3. The complainant rejects the Commission's assertion according to which the modification of the project did not imply a complete suppression of the tasks initially attributed to the long-term expert in training. The Addendum to the Convention precisely foresaw the suppression of the post. The possibility foreseen in the contract with the company to modify the complainant's tasks on the basis of the requirements of the Convention cannot legitimise the complete suppression of his post. The complainant rejects the Commission's assertions according to which he had been offered to work on short-term missions. Furthermore these offers would have been belated and in no relation with the actual importance and amount of work foreseen in the beginning. On the contrary, in February 2002 the company repeated that it had not been able to find an alternative participation for the complainant in the project.
Together with his observations the complainant provided the Ombudsman with a copy of OLAF's final report on his complaint. The report in particular contains information about the procedure followed by the Commission before the amendment of the contract with the company.
THE DECISION1 Scope of the inquiry
1.1 The complainant was hired for a 30-month contract by the company, an Italian company, to participate as an expert in a 3-year training project financed by Community funds in Argentina. The complainant's contract was cancelled after the Commission had informed the company that the complainant's post was no longer foreseen in the project.
1.2 In the framework of his complaint against the European Commission and in his observations, the complainant made, certain allegations against his employer, the company.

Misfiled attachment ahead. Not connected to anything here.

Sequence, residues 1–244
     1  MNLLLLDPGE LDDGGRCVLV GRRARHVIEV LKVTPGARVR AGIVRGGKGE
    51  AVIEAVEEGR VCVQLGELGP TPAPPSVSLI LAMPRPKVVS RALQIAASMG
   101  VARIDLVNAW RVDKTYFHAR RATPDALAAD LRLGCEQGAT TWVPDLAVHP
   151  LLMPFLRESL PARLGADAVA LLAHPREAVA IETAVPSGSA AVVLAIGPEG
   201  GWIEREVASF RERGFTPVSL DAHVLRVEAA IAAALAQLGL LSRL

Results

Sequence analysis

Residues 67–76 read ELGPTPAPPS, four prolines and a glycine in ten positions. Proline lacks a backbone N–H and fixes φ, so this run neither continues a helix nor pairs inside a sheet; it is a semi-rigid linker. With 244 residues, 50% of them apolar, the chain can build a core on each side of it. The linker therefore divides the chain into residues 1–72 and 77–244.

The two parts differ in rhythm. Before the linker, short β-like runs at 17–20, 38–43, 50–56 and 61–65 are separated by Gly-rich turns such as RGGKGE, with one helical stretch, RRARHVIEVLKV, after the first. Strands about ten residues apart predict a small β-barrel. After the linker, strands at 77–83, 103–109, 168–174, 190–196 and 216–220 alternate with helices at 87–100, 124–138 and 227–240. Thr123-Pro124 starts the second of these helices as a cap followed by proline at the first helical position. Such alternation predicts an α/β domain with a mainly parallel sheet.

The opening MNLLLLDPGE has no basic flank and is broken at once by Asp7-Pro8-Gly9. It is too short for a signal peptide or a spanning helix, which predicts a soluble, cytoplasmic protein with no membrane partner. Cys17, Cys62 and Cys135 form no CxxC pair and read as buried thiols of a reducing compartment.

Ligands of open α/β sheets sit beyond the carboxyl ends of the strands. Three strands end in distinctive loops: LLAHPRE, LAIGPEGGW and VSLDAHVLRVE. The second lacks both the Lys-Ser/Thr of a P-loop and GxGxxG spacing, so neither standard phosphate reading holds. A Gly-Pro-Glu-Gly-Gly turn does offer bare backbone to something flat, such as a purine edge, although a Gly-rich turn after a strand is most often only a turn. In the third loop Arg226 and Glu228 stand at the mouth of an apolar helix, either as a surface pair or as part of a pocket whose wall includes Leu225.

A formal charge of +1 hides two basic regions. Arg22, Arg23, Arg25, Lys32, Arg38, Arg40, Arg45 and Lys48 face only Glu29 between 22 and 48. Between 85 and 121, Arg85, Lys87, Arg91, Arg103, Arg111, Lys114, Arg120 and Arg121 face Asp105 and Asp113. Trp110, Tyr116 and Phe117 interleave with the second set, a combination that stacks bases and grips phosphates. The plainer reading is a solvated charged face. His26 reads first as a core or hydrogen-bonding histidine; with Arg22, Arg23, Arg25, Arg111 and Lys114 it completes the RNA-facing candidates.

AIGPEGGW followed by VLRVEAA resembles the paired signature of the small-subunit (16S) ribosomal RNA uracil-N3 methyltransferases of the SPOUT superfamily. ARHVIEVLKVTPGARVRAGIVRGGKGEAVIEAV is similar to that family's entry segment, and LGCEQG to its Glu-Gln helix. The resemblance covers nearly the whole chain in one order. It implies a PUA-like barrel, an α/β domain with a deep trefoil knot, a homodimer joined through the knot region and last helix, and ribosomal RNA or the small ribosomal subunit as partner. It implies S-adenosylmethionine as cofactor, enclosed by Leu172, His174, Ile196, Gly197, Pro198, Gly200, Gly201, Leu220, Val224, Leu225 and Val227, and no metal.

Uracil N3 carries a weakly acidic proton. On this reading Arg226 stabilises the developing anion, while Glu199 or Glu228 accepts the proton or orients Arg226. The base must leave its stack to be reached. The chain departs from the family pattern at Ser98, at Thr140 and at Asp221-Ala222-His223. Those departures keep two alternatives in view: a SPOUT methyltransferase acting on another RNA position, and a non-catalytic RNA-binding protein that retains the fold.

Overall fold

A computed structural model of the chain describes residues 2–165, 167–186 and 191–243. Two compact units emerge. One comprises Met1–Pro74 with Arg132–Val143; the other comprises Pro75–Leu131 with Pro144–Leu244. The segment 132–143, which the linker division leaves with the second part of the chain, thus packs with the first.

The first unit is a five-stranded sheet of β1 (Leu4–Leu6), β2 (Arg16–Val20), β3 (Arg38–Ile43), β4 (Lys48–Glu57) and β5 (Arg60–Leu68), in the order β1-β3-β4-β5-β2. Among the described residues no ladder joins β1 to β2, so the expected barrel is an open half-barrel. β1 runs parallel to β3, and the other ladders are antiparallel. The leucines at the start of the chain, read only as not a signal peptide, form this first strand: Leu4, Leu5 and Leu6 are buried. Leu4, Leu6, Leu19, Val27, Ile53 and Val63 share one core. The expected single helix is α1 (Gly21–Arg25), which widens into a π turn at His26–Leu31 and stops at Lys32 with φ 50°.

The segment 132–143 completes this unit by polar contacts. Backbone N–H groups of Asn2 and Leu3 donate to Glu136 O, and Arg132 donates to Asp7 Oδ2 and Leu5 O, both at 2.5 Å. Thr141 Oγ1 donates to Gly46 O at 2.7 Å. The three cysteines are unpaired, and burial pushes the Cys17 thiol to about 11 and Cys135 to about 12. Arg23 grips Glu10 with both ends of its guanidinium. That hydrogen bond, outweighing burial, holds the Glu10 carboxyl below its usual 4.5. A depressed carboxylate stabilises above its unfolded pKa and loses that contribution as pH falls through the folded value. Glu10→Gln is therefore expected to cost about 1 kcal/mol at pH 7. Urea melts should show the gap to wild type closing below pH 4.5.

1.3 According to Article 195 of the EC Treaty, the European Ombudsman has the power to receive and examine complaints about maladministration in the activities of the Community institutions and bodies. No action by any other authority or person may therefore be the subject of a complaint to the Ombudsman. The complainant's allegations concerning the company will therefore not be examined in the present decision.2 The Commission's alleged failure to carry out an inquiry before making substantial changes to a project after it had been awarded
2.1 The complainant alleged that after the technical assistance contract for a 3-year training project in Argentina had been awarded to the company, the Commission made substantial changes to the project and failed to carry out a prior inquiry.
2.2 The Commission explained that the Convention with Argentina, on which the technical assistance contract was based, was not immutable, especially when a long period of time had passed after the identification of the needs and the decision to finance the project. Although there was no express obligation for the Commission to carry out an inquiry as alleged by the complainant, the Commission had checked the appropriateness of the proposed amendments and in a second stage checked that they would not substantially modify the project as to its objectives, resources and mutual obligations. The Commission also underlined that OLAF's investigation following the complainant's complaint had not revealed any irregularity.
2.3 The Ombudsman notes that from the information at his disposal, it appears that the Argentinean authorities applied for the project in 1995, the identification of the needs of the Argentinean authorities dates back to 1997, the financing agreement was signed on 27 May 1999, the call for expression of interest was launched the same year and the deadline for the submission of financial proposals was on 7 February 2000. The Commission stated that the Convention with Argentina had to be adapted to new needs put forward by the Argentinean authorities. There is nothing to suggest that the Commission could not formally amend a Convention if the latter was found to be inadequate to allow a proper delivery of financial aid. In view of the chronology of events set out above the Commission's explanation appears to be reasonable.